Group Editor Marty Kauchak reports on developments in live and virtual training domains that train soldiers to counter threat of improvised explosive devices.
The 11-year effort to defeat the Counter-Improvised Explosive Devices (C-IED) threat in Iraq, Afghanistan Yemen and other contested regions and nations since 9/11 has achieved mixed results.
First the bad news. Despite the Pentagon’s investment of billions of dollars to defeat IEDs, more than 60 percent of U.S. combat casualties in Afghanistan, both killed and wounded in action, are caused by IEDs. Year to date through mid-December 2012, the devices killed or wounded almost 1,900 Americans.
Of particular concern, the typically crude, homemade, but easy-to-use devices are increasingly being used worldwide to impact stable governments. IEDs packaged as vehicle-borne explosives and in other applications are targeting military security forces, law enforcement personnel and civilian populations with devastating consequences.
Mike Macedonia, PhD., SAIC’s chief technology officer for training and operational solutions, summarized the evolving training challenges needed to defeat this persistent, expanding threat. The Orlando-based executive pointed out that fighting the IED battle is more than training people to detect and counter IEDs in the physical space, in route clearance operations, for instance. “It’s also figuring out to how get it into the IED network – to defeat the individuals financing and manufacturing the devices, and beyond,” he added.
Now, for some overdue good news. The military-industry training systems team is stepping up its effort to develop solutions in the live and virtual domains to provide U.S. and other nations’ service members with products needed to accelerate their progress in defeating the IED network.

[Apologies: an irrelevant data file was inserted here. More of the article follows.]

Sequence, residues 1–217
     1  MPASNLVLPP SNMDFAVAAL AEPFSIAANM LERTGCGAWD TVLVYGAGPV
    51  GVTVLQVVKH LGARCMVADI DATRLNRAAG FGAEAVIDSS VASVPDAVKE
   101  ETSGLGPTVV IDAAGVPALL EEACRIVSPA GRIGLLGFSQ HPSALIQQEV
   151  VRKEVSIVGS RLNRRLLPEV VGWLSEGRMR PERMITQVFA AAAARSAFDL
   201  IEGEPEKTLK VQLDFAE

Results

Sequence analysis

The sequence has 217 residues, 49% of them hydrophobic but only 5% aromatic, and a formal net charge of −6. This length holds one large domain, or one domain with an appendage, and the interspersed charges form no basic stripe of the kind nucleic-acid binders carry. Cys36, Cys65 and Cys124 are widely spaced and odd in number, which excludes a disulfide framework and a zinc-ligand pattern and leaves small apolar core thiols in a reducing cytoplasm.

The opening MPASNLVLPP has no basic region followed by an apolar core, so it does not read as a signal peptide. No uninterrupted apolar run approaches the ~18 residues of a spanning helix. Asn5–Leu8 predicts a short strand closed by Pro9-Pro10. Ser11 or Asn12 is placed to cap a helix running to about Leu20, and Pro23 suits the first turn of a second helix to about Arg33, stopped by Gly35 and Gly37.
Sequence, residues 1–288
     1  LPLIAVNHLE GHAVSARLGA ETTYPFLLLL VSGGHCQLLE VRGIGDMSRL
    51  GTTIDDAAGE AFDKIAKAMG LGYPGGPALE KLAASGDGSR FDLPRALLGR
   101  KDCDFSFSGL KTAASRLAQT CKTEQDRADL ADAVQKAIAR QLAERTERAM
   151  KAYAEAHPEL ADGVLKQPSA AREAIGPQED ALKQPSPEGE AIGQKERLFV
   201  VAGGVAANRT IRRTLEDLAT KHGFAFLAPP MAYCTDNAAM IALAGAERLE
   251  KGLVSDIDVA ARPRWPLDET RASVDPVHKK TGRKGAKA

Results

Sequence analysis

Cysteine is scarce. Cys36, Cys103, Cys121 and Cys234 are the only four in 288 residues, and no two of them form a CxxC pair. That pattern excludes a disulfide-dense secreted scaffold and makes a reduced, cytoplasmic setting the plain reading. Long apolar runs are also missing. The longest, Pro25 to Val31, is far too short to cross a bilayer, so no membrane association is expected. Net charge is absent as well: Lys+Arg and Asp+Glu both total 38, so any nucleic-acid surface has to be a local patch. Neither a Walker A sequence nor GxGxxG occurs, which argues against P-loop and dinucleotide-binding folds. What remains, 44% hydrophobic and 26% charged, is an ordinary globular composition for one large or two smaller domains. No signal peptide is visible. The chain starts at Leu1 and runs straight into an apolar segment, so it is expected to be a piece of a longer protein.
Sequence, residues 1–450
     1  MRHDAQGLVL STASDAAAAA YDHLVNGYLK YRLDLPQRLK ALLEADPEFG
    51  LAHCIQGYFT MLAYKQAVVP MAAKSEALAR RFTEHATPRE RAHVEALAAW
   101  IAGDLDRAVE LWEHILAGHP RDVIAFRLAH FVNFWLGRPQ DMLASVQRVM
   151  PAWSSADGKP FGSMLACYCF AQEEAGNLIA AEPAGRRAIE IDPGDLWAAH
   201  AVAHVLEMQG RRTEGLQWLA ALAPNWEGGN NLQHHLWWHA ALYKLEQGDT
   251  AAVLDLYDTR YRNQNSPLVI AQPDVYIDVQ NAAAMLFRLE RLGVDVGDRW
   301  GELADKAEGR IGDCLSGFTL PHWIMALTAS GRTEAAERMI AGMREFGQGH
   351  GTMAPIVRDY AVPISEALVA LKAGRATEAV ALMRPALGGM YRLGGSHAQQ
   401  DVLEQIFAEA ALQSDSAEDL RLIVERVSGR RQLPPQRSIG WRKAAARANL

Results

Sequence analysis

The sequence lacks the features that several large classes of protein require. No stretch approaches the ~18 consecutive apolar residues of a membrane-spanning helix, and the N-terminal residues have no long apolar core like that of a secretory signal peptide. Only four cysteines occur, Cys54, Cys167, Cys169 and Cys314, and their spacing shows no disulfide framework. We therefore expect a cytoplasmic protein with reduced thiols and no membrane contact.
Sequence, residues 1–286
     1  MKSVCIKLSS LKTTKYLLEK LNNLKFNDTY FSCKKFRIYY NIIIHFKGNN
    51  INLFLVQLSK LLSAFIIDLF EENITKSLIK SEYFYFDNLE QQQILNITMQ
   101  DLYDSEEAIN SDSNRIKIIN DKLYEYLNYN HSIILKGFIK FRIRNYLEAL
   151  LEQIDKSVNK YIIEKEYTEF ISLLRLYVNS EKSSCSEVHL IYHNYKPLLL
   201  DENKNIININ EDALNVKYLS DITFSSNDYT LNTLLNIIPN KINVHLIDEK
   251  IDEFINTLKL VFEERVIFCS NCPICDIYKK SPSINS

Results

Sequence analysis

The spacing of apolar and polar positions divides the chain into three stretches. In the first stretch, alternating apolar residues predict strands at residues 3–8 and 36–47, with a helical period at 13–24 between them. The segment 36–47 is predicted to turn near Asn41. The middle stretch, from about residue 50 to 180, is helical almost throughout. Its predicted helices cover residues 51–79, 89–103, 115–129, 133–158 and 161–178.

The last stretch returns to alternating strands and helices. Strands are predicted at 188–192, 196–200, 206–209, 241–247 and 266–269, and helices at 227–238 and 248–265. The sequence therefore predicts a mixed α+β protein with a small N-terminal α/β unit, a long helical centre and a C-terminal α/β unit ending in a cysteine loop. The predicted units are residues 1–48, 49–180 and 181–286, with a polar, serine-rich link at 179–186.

Live Training Update
Saab Group is increasing the rigor and scope of its live instrumented training services in this sector for the UK Ministry of Defence (MoD). Saab delivers C-IED training technology and subject matter expertise at the individual and unit levels (platoon through battle staff) through five systems: two forward positioned in Afghanistan; two based in the UK for pre-deployment training; and one dedicated to serving the 29 EOD and Search Group and its community’s schoolhouse. Saab’s capability in this sector is called CCT (Counter IED Collective Trainer).
“All of our CCT systems are flexible. If the MoD wants us to move somewhere else we can pick up the capability and fly it wherever, Jordan for example,” Mark Franklin, the company’s director of Current Operations, explained.
One CCT device is a multi-detection sensor that may be affixed to any hand-held metal detector and measures the effectiveness of the use of that detector through different search patterns.
“We also address electronic counter measures (ECM), which is difficult to visualize. We have a simulated ‘bubble’ which appears on a screen, set to the dimensions parameters for the event. In the after action review, the training audience can see whether they operated within that ECM spectrum,” Franklin said.
Other C-IED products in CCT include a simulated, GPS-referenced fully functional training IED device.
Saab has trained about 65,000 troops under its current UK MoD C-IED contract.
Enhancements to Saab’s C-IED training strategy include the instrumentation of IED search dogs in training scenarios.
Rheinmetall has relied on its heritage of using successful base line technologies to meet the technology challenges of C-IED training. In this instance, the company has developed a multi-purpose wireless device that, on the one hand, is used to read the status of man-worn live simulation equipment to allow for a correct choice of first aid and medical treatments in live simulation exercises. On the other hand, the same device is also used as an IED–effects simulator system.
Ernst Christians, the company’s vice president for Live Simulation, explained. “We can place it somewhere, hide it and program it in a way so that it transmits a radio code that corresponds to the scalable, desired effect of the ‘explosive’. Once the training device’s wire is removed and the contacts are open, the device transmits a ‘kill code’ to all MILES or other man-worn or vehicle borne, force-on-force training equipment, indicating those personnel and equipment are IED ‘casualties’.”
Christians pointed out the IED system may be integrated with pyrotechnic devices and other live training equipment.
The company’s C-IED training devices are in service with global customers in Russia and an unspecified military service in the Middle East.